Number of African AIDS Orphans, Orphan Centers Growing While Traditional Family Support Breaks Down
The number of African orphans has steadily grown since the early 1990s as parents have died from AIDS-related complications or abandoned their children due to their illness, giving rise to orphanages often funded by American charities, the Christian Science Monitor/Washington Times reports. Prior to the onset of the AIDS epidemic, 2% of children in the developing world were orphans. Now, largely because of the effects of the disease, 10% of children in sub-Saharan Africa are parentless, according to U.N. estimates. Traditionally, extended family took in children when their parents died, but the "huge" number of orphans and the stigma associated with AIDS have broken down traditional family practices, causing many people to turn orphaned relatives away. "Fewer and fewer relations are willing to take in orphans," Roselyn Mutemi Wangahu, who led a UNICEF study on AIDS orphans in Kenya, said. Those who do take in relatives often treat them as "second-class members of the family," sometimes abusing the children or "forc[ing]" them to work. However, most people Wangahu surveyed said they "preferred institutionalizing" the children. "They've realized they are not able to cope anymore," she explained. According to Clive Beckenham, director of the New Life Home in Nairobi, Kenya, more than 90% of the infants brought to his center "eventually test negative" for HIV.
A Rise in Children's Homes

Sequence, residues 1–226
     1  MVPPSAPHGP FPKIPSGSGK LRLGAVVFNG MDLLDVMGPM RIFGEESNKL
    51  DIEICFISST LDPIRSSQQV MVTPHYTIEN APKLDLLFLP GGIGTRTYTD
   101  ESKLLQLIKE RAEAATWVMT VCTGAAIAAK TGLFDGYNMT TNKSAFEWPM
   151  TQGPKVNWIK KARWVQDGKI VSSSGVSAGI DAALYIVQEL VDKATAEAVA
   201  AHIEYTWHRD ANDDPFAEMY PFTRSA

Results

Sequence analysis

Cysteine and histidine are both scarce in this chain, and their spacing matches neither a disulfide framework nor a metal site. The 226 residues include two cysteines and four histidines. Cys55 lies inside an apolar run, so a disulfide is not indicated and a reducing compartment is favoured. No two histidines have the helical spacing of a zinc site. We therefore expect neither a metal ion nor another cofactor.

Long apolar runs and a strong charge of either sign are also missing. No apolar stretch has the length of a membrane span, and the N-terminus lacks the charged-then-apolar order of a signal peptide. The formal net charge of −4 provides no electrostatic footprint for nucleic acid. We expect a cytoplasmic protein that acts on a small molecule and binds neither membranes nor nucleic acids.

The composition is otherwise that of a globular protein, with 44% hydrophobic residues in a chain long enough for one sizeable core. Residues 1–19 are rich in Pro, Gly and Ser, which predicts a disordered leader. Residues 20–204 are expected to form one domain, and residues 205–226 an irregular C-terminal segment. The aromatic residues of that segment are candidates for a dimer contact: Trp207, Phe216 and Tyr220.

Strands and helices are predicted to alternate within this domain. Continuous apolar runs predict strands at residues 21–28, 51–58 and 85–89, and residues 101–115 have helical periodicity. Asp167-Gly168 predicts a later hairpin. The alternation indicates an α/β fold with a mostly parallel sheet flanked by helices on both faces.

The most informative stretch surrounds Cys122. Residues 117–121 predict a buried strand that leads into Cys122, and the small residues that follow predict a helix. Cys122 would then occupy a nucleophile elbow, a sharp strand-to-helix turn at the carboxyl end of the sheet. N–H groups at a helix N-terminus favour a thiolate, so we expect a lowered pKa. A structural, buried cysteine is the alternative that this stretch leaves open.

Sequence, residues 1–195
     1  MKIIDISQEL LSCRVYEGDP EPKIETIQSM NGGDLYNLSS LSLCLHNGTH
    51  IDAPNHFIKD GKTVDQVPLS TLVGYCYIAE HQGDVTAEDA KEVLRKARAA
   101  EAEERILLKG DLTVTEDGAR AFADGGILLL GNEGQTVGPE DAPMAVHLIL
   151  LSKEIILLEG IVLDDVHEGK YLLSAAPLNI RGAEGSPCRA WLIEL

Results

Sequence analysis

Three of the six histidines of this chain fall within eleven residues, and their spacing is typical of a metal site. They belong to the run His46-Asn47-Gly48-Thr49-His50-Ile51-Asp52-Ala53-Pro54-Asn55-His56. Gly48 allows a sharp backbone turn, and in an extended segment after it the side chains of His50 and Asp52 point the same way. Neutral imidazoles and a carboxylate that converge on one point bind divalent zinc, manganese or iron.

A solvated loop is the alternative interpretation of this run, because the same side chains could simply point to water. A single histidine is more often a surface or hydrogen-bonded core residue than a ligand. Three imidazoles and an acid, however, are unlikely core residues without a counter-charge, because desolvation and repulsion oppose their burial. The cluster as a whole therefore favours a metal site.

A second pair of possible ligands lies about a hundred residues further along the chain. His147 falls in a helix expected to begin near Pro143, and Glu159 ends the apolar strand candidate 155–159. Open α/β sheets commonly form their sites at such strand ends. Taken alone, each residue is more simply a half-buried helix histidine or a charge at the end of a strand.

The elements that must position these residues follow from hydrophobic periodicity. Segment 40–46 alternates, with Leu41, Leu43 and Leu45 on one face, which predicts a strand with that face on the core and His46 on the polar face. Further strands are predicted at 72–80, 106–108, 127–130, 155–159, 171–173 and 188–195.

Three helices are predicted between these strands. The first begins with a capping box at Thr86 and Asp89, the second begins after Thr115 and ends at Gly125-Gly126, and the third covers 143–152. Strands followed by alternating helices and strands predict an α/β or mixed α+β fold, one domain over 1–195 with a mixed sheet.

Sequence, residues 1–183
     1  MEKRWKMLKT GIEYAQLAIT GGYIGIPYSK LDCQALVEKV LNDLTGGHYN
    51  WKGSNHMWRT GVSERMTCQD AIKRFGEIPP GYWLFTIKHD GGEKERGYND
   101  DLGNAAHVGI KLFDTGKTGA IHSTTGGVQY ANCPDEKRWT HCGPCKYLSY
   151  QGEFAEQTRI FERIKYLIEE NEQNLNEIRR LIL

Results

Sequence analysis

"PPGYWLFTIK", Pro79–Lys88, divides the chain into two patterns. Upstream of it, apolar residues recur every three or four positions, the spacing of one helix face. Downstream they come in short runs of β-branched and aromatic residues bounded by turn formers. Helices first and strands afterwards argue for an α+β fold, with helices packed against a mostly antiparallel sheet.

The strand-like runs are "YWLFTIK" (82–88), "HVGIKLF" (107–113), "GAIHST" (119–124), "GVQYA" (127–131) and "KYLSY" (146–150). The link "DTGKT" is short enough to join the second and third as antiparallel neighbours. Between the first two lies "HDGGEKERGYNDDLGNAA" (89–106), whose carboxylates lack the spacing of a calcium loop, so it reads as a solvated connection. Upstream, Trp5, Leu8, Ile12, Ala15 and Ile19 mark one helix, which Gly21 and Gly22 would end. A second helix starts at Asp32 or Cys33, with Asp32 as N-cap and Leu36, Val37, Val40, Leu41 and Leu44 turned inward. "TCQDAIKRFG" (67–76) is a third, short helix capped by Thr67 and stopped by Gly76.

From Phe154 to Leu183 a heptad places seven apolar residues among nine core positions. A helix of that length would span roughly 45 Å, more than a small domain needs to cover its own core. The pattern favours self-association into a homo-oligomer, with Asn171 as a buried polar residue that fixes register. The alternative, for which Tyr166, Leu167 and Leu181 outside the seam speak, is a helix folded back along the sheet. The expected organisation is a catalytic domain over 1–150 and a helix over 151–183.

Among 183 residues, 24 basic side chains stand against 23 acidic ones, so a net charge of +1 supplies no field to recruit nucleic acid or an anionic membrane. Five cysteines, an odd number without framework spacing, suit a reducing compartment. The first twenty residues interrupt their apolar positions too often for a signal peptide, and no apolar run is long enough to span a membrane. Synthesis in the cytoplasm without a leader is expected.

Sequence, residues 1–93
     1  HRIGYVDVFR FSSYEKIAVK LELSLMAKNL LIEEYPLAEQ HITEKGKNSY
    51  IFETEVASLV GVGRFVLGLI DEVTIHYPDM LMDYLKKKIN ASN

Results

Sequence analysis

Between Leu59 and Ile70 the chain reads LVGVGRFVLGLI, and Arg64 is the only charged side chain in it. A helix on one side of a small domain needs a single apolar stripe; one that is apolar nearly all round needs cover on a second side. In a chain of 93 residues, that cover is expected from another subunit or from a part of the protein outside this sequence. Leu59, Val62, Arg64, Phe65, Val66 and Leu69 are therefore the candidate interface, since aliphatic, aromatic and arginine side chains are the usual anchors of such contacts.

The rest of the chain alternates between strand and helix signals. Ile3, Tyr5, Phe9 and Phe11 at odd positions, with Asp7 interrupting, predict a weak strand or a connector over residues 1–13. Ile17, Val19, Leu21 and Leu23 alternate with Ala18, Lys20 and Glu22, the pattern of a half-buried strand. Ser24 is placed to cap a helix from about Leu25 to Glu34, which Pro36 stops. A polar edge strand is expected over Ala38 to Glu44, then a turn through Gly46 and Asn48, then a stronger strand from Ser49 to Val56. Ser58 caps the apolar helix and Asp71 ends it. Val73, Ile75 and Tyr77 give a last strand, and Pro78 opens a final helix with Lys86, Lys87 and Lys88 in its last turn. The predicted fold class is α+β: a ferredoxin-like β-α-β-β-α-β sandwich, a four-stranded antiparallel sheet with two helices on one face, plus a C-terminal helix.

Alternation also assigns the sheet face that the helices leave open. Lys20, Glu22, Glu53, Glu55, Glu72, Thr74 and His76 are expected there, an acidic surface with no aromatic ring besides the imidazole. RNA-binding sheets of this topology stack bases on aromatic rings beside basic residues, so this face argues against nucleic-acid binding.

The large number of orphans, coupled with the lack of familial support, has given rise to many new orphanages throughout sub-Saharan Africa, mostly funded by American charities, the Monitor/Times reports. Feed the Children, an Oklahoma-based group, recently opened the $300,000 Frances Jones Abandoned Baby Center in Nairobi. Almost all of the money for the center came from the United States. International Children's Care, a development and relief agency based in Washington state, is opening five orphanages near Ndolo, a copper-mining town in Zambia, while Gospa Missions, a Pennsylvania-based missionary group, is raising money to build a facility in Ogoja, Nigeria. Despite the wave of new centers, the need remains for more. "If we promoted this facility today, we would have it full tomorrow," Ian Harris, international director for Feed the Children, said, adding that without advertising, they have had inquiries from Mozambique, Zimbabwe and South Africa about setting up similar centers there. "It's something I don't think governments have come to terms with," he said. Most of the orphanages are not meant to be "long-term" homes for the children, as many of the centers have staff devoted to finding foster homes or adoptive arrangements for the children. Several homes, such as the Frances Jones Center, are also including community outreach programs on HIV prevention as part of their services (Crawley, Christian Science Monitor/Washington Times, 8/9).